The EU’s Trade Commissioner Cecilia Malmström said on Wednesday (17 October) that the “ambitious” trade deal made with Vietnam could “pave the way” for an agreement with the Association of South East Asian Nations (ASEAN), despite scepticism on the other side.
The college of commissioners adopted the EU-Vietnam trade and investment agreement on Wednesday (17 October). Now the deal has to be ratified by the Council and the European Parliament.
The successful conclusion of the negotiations followed member states’ green light to sign trade and investment pacts with Singapore on Thursday.
“By adopting them a few hours before welcoming the participants in the ASEM-EU Summit in Brussels, the Commission shows its commitment to open trade and engagement with Asia,” Commission President Jean-Claude Juncker said.
The executive also welcomed the conclusion as a positive signal in times when international trade is “under serious threat”, Malmström said.
But despite the progress made with two of the most dynamic ASEAN members, the region-to-region agreement is not within reach yet
“We are still discussing this,” Malmström told reporters.
“It is not immediately around the corner, but it is definitely a goal that we have,” she added.
Europe’s eagerness to conclude a trade deal with one of the fastest growing economic areas of the planet contrasts with less pronounced interest from South East Asian members.
ASEAN officials have said they would need to see more clearly the advantages of a block deal, as the region wants to prioritise its integration.
Malmström highlighted that the agreement with Vietnam is “the most ambitious deal ever made with a developing country”.
Therefore, she considered that it would represent a “stepping stone” for Europe’s engagement in the region, “paving the way” for a region-to-region deal.
One of the obstacles for making progress on the EU-ASEAN talks is Europe’s standards to access the internal market, seen as “high” by the Asian nations. Malmström said the agreement with Vietnam would “help to spread our standards” in the region.
The country will have to meet “the highest standards of labour, safety, environmental and consumer protection, ensuring that there is no ‘race to the bottom’ to attract trade and investment”, the Commission said in a statement.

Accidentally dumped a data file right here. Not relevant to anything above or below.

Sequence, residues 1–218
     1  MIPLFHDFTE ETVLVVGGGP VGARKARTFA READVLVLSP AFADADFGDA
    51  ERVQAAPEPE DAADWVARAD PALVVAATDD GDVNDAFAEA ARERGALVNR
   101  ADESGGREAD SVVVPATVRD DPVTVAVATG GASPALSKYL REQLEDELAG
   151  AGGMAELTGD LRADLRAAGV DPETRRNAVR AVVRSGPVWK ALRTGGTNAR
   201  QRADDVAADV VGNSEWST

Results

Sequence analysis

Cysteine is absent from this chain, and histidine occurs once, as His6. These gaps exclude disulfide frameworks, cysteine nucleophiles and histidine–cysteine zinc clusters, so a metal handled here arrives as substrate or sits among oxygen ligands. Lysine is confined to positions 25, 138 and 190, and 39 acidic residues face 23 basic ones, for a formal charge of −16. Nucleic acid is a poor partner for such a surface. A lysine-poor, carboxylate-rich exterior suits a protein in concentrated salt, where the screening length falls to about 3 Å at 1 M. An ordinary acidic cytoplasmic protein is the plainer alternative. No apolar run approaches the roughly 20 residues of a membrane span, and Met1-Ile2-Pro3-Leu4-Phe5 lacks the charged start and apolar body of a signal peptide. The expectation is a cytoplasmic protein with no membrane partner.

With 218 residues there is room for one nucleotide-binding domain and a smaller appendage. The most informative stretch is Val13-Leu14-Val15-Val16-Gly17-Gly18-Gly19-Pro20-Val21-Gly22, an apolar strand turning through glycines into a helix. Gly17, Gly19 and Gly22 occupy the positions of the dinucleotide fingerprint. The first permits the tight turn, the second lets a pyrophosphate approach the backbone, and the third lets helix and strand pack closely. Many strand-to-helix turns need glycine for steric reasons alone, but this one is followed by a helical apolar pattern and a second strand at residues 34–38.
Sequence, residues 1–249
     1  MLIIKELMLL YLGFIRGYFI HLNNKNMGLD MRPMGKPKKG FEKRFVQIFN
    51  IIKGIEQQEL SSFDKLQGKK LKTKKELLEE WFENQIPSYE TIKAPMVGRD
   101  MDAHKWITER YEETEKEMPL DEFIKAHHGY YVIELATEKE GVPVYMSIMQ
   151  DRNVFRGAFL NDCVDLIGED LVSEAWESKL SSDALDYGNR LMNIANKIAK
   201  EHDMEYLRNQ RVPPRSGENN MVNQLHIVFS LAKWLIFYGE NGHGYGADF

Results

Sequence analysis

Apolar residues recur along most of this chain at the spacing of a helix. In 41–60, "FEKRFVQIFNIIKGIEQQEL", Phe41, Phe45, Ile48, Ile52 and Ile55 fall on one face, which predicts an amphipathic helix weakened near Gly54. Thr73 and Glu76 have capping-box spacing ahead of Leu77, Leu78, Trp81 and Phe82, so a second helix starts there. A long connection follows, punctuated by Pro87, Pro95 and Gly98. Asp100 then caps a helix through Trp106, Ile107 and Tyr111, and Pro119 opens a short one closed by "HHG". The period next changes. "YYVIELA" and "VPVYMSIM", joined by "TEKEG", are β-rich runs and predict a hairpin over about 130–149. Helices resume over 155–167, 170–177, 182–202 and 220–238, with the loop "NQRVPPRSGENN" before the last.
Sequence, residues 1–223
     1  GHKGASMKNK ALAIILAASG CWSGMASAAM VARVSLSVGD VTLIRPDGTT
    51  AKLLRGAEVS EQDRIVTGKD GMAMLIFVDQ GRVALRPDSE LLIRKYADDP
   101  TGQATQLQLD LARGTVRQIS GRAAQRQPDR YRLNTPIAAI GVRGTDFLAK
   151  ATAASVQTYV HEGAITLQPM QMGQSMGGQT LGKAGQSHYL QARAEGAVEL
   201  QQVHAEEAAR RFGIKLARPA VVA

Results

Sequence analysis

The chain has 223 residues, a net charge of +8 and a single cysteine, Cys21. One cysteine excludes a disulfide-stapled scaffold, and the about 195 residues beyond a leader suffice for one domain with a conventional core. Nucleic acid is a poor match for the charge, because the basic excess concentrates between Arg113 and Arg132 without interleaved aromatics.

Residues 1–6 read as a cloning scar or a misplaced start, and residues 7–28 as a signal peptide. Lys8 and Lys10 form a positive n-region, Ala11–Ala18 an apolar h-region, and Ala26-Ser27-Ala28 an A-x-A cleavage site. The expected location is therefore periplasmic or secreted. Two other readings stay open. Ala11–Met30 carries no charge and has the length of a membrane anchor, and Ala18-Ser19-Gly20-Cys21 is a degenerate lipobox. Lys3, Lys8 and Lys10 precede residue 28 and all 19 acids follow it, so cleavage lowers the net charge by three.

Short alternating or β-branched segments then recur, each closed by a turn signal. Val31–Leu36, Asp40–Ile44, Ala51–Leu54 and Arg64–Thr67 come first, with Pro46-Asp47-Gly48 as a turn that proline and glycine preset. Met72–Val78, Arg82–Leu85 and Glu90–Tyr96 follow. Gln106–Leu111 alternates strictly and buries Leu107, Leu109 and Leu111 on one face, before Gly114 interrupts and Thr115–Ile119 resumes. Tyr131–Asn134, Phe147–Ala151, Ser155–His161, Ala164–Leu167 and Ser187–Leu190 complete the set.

In addition, Vietnam would “effectively implement” the principles of the International Labour Organisation (ILO) concerning fundamental rights at work, as well as the Paris Agreement on climate and other environmental agreements for the conservation and sustainable management of wildlife, biodiversity, forestry and fisheries.
End of tariffs
The EU-Vietnam agreement will eliminate 99% of customs duties on goods traded between the two sides. Vietnam will remove 65% of import duties on EU exports upon entry into force of the agreement, with the remainder of duties gradually eliminated over a 10-year period.
It will open the Vietnamese market for services in the field of communications, engineering or environment.
Besides, a total of 169 geographical indications of European food and drink products, including Rioja wine or Roquefort cheese, would be protected.
EU companies will also participate on an equal footing with local companies in procurement tenders.
Human rights concerns
The celebration of the agreement by the EU and Vietnamese authorities came despite serious concerns about the human rights situation in the Communist country, where political parties are not allowed and fundamental freedoms, including the freedom of speech, association and of the press, are constrained.
Amnesty International has reported that a crackdown on dissent has intensified, causing scores of activists to flee the country.
The Commission explained that the agreement includes the possibility to take action in case human rights are breached, which could then lead to the suspension of the trade deal.
Malmström admitted that there are “severe problems” with the protection of human rights in the country.
“We are talking openly about it”, she told reporters.
Although the new trade relation would not make the country “a fully-fledged democracy overnight”, she argued that it is one of the tools at Europe’s disposal to progress on this front.
Juncker said the agreement included “strong and clear commitments on sustainable development and human rights”.
The EU imports mainly telecommunications equipment from Vietnam, as well as clothing and food products. European companies export machinery and transport equipment, chemicals and agricultural products.
The country is Europe’s second trading partner in the ASEAN region, after Singapore. Trade in goods was worth €47.6 billion a year, and €3.6 billion in services.